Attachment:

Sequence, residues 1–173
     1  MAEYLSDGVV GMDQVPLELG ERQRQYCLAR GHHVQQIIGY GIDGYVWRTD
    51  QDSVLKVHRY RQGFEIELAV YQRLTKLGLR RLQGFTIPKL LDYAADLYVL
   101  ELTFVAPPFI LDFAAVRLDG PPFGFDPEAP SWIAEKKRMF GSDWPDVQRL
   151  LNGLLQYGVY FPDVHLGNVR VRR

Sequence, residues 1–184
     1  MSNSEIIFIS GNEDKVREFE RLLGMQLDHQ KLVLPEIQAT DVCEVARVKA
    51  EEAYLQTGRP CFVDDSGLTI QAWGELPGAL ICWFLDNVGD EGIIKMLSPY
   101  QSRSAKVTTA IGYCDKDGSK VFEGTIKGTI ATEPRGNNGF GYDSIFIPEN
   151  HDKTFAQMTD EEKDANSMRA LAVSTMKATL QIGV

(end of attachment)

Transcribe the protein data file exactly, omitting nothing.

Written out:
Sequence, residues 1–173
     1  MAEYLSDGVV GMDQVPLELG ERQRQYCLAR GHHVQQIIGY GIDGYVWRTD
    51  QDSVLKVHRY RQGFEIELAV YQRLTKLGLR RLQGFTIPKL LDYAADLYVL
   101  ELTFVAPPFI LDFAAVRLDG PPFGFDPEAP SWIAEKKRMF GSDWPDVQRL
   151  LNGLLQYGVY FPDVHLGNVR VRR

Sequence, residues 1–184
     1  MSNSEIIFIS GNEDKVREFE RLLGMQLDHQ KLVLPEIQAT DVCEVARVKA
    51  EEAYLQTGRP CFVDDSGLTI QAWGELPGAL ICWFLDNVGD EGIIKMLSPY
   101  QSRSAKVTTA IGYCDKDGSK VFEGTIKGTI ATEPRGNNGF GYDSIFIPEN
   151  HDKTFAQMTD EEKDANSMRA LAVSTMKATL QIGV